MUMBAI: Imran Khan’s economic vision for Pakistan is alluring. The party backed by the country’s former cricket hero and likely new prime minister won the most votes in Wednesday’s election. Khan wants to fight corruption, reform government spending and improve the lives of the poor. Given the demands that are likely to come with any bailout of the $300 billion economy, that’s fanciful.
Khan’s ambitions echo those of Pakistan’s larger neighbours. Chinese President Xi Jinping has led an aggressive anti-corruption campaign and India’s Narendra Modi was elected with a similar pledge. Khan has a weaker mandate, needs to form a coalition, and has fewer financial resources at his disposal.
Indeed, Pakistan is heading for another financial crisis. The World Bank sees the economy growing at just 5 percent in the current fiscal year. Foreign exchange reserves cover barely two months of imports in a country that depends on foreign energy supplies. The central bank has raised interest rates by 175 basis points this year and the rupee has been devalued four times since December.
A plan to increase welfare spending more than four-fold is unlikely to be implemented if Pakistan seeks support from the International Monetary Fund. The country has tapped the fund more than 10 times in its history. Capital Economics reckons any support package will require the rupee to fall by another 10 percent by the end of the year, and interest rates to rise another 100 basis points. Rival potential saviour China is partly responsible for the country’s current predicament. The large infrastructure projects that form part of its Belt and Road programme have driven up Pakistan’s imports.
Pakistan’s likely new prime minister Imran Khan opened coalition talks with at least one smaller party and independent politicians on July 29, a spokesman said.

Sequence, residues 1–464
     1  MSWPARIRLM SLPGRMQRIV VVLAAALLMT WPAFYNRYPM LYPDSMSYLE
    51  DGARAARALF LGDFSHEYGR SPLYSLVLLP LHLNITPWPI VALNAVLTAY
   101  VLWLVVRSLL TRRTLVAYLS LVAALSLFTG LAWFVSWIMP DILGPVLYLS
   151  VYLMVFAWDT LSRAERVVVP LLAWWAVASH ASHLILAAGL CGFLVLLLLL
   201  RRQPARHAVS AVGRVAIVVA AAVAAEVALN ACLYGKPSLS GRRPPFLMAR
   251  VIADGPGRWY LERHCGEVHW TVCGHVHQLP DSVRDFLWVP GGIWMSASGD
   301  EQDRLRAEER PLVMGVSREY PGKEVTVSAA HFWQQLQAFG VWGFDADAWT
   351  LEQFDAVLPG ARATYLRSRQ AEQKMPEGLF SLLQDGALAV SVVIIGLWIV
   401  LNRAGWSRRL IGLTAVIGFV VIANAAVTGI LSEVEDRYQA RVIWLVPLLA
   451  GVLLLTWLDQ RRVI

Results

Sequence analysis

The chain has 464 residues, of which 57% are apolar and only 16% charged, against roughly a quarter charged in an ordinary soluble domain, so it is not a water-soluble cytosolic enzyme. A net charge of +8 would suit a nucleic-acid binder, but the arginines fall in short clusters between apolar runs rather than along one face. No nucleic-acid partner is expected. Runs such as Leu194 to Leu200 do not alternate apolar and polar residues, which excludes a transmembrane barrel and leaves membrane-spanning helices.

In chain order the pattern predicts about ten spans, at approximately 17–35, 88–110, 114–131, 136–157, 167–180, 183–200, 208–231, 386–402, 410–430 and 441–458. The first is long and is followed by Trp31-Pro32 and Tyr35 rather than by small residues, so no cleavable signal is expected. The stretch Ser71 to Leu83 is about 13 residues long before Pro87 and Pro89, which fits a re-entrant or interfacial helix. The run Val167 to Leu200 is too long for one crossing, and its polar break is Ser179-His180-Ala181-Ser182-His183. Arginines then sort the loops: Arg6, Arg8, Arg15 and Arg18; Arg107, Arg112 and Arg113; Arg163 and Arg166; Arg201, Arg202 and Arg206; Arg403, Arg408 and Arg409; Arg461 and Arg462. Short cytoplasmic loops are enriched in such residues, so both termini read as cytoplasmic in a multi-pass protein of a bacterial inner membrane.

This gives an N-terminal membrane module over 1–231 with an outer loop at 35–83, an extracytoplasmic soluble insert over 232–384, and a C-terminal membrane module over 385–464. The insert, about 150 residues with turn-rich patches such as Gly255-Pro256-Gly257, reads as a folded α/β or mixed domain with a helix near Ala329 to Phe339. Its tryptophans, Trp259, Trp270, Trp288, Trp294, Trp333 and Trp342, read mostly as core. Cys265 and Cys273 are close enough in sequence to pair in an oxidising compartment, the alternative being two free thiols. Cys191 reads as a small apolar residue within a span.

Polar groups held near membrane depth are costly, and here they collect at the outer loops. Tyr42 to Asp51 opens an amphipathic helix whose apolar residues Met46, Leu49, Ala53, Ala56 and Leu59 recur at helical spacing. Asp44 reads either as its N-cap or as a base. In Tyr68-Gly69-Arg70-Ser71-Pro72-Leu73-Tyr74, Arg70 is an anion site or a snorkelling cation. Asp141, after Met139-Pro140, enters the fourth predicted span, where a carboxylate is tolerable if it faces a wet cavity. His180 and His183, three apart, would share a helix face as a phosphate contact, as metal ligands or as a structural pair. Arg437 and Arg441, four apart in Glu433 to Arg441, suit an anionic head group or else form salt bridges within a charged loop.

Khan’s Pakistan Tehreek-e-Insaf (PTI), or Pakistan Movement for Justice, won 16.9 million votes and 116 seats in the election held on July 25. That was short of the 137 required for a majority, but ahead of the party of jailed former premier Nawaz Sharif which secured only 12.9 million votes.
The PTI spokesman said Khan was expected to take the oath as prime minister around Aug. 14.
The country is drawing up plans to seek its largest ever bailout from the International Monetary Fund, the Financial Times reported on July 29, citing government advisers. The country was likely to need a loan of between $10 billion and $12 billion.
Sharif’s Pakistan Muslim League-Nawaz (PML-N) party has complained of vote-rigging, and alleged that the poll was skewed in favour of the former cricket hero.
In their preliminary findings, a European Union monitoring team said the overall electoral process, particularly the run-up to the election, was “not as good” as the 2013 poll. The United States voiced similar concerns.
Two newly formed small parties are seen as being open to an alliance with the PTI.
Pakistan’s KSE 100 Index has risen 3.5 percent since the polls closed. —AFP